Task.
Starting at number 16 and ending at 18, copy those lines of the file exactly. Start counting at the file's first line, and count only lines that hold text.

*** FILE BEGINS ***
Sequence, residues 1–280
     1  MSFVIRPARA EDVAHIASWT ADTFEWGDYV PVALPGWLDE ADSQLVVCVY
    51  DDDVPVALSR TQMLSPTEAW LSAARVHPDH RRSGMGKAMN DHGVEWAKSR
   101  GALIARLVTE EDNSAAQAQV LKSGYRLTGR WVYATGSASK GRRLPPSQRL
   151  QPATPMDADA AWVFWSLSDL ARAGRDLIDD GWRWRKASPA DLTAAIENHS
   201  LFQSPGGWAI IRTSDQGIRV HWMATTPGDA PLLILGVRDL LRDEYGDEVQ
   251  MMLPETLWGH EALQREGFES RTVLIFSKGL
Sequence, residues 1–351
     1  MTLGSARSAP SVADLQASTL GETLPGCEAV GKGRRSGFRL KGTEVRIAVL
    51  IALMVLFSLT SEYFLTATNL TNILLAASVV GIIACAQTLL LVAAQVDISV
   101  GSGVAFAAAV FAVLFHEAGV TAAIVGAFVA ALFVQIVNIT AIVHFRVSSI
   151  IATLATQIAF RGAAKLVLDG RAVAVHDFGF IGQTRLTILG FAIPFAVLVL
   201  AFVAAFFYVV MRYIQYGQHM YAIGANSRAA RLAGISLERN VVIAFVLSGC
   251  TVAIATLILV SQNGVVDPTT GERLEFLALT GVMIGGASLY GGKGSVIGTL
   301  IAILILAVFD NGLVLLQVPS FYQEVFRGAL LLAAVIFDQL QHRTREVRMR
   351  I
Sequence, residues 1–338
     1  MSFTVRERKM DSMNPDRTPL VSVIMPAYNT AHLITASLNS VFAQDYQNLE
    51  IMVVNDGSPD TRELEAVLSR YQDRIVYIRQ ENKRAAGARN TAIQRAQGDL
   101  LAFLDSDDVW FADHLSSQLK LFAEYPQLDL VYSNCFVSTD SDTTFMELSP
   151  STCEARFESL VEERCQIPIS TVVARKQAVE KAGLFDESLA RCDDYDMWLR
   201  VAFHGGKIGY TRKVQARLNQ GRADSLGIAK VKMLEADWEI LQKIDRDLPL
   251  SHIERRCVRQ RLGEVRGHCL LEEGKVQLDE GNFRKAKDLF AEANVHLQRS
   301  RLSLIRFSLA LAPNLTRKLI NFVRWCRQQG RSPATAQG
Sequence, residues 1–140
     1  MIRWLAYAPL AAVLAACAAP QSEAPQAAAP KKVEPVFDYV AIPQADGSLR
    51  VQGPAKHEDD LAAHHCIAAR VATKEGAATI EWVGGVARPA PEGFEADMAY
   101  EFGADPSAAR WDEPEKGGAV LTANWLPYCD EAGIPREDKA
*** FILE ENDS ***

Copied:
   351  I
Sequence, residues 1–338
     1  MSFTVRERKM DSMNPDRTPL VSVIMPAYNT AHLITASLNS VFAQDYQNLE